This will be a short article using an analogy to get the point across in a way more people can understand.
My wife and I have been saving up for a year (or more) to get new kitchen appliances. We are looking into a 4-piece set – an electric range, dishwasher, overhead microwave, and refrigerator.
We have a skinny galley kitchen in our townhouse, and the space for the fridge is small, so we’re limited on the fridge we can get, not just by price, but the width has to be 32″ max (which is pretty small) and we care a little about the depth, but I think we’d get over that for a new fridge.
We’ve been looking and pricing and this past weekend we thought we had the perfect set, a great sale going on…we were ready to buy. I’m glad we measured the fridge, because it was 3 inches too wide.
One thing we could semi-reasonably do is get a smaller lower cabinet that is next to the fridge and cut the countertop down to fit. However, that raises other issues. Our trash can would no longer fit in there and our Keurig would be taking up almost the whole top. With the small galley kitchen, putting the trash can outside of that space isn’t really an option – we already hit the door of the fridge against the wall, and if there was a trash can there, it would be really tight. We also wouldn’t be able to get into the cabinets on the other side of the kitchen.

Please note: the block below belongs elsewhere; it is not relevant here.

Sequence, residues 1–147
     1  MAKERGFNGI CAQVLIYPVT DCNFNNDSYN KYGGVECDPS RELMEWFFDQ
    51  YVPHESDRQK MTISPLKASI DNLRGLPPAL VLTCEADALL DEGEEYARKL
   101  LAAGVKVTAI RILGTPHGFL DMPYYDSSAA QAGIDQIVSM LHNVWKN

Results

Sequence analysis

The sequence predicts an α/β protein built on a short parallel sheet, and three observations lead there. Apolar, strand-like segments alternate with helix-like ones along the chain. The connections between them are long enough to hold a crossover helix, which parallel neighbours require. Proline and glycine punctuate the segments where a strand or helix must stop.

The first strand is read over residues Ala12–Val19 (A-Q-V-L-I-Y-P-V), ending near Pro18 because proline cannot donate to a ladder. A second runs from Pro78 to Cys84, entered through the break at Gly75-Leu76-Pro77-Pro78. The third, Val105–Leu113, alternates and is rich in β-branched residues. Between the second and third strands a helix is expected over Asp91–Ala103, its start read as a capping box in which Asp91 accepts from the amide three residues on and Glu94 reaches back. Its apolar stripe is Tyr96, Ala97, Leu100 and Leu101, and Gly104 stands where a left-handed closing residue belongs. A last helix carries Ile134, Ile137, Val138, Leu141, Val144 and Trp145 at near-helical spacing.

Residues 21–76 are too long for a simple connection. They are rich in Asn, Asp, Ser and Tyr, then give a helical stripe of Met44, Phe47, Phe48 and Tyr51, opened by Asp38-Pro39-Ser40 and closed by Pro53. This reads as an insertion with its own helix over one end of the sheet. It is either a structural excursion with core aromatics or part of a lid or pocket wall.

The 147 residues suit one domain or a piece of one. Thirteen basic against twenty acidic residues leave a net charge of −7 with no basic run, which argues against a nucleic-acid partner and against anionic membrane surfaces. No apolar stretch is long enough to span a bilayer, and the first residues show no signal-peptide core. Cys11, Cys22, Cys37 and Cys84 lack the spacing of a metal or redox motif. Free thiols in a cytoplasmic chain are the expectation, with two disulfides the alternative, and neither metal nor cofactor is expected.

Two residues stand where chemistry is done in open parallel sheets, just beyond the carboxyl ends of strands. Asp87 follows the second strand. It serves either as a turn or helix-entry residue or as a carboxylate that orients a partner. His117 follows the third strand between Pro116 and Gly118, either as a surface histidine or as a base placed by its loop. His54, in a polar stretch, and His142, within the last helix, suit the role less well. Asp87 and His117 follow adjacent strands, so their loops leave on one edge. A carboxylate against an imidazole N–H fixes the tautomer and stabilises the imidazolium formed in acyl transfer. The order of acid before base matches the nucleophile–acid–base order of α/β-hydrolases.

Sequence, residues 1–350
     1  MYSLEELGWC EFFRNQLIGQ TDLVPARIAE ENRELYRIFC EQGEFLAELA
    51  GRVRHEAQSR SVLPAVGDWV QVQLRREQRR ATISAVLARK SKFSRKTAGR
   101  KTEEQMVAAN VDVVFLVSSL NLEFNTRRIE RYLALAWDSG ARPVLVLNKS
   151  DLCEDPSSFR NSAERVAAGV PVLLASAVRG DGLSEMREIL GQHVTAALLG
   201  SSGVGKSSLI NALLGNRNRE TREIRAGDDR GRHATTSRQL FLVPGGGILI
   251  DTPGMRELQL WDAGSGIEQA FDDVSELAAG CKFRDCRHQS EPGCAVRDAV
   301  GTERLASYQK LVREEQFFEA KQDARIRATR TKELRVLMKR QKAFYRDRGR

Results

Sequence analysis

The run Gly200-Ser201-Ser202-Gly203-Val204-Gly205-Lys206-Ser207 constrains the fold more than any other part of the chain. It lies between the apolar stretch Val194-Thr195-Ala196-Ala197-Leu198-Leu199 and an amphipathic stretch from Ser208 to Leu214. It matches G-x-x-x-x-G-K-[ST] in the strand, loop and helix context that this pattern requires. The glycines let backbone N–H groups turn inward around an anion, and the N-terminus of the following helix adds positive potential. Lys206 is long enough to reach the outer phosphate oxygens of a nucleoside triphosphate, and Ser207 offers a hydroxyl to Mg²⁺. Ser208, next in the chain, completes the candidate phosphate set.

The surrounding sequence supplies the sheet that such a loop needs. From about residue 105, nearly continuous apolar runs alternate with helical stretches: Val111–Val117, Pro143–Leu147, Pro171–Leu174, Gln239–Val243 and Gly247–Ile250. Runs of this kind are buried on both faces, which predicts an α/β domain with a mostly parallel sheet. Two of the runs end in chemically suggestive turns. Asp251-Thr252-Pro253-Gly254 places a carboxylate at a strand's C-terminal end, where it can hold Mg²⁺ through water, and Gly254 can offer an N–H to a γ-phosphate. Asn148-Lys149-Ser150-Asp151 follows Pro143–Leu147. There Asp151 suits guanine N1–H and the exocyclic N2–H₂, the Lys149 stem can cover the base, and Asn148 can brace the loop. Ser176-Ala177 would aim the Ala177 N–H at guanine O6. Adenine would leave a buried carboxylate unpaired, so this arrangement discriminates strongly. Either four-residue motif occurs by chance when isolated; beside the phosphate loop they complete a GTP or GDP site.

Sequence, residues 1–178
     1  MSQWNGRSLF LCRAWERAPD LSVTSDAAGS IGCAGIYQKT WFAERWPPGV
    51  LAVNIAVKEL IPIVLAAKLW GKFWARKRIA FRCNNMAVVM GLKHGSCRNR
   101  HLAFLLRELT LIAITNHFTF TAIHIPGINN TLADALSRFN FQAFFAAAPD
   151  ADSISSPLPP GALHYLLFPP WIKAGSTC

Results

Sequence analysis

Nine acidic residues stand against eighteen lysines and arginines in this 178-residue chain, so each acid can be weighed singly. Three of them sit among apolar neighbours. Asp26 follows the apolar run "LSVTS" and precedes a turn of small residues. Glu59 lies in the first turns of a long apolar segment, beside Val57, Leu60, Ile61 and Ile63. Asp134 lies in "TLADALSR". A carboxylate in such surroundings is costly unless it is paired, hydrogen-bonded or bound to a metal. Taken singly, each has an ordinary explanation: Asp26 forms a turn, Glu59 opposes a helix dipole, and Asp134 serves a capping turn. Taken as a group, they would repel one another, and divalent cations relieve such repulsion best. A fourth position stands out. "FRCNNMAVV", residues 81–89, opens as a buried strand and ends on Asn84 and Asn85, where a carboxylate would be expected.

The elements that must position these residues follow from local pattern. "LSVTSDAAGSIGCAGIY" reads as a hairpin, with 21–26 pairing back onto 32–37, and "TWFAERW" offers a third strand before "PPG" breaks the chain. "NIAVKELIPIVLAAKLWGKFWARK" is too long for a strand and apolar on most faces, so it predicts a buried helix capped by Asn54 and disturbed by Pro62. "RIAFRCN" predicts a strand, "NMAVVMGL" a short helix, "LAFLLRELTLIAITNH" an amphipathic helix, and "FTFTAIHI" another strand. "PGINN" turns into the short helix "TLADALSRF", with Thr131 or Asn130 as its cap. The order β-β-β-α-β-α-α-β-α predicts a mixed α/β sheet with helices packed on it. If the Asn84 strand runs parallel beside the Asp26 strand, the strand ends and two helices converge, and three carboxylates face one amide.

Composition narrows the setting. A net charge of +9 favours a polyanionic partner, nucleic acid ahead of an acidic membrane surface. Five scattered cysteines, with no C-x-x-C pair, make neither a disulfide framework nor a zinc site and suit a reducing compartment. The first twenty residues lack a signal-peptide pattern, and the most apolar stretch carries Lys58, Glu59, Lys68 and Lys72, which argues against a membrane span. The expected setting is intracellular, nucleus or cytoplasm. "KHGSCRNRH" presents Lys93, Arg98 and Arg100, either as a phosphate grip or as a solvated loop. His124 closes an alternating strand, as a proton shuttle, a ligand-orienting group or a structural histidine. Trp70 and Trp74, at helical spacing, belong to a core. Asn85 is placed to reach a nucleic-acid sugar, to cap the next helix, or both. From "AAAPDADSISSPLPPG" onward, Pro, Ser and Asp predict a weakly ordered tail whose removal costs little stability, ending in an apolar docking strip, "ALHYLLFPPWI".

The additional work, expense, and figuring out how to solve those issues has led us back to the drawing board.
So, what does that have to do with a solid code foundation on a website? Well, the principles are the same. Notice how I didn’t talk about the microwave, range, or dishwasher being an issue. Those are all standard fit replacements, no big deal. The fridge is a “standard”, but doesn’t give us much wiggle room in the future (the future being now). We’re limited in our future choices. If the original layout of the kitchen would have allotted for some growth, then we would be able to choose from a much larger selection of refrigerators.
There are always going to be limitations, you can’t always predict the direction or growth of your website, but with a solid foundation, you’ll be in a better place to more quickly implement enhancements without affecting as many other parts of the website. A quicker and easier (for us) turn around reduces costs. So, it’s a win-win situation. It’s easier for us to implement your ideas and it’s less expensive for you.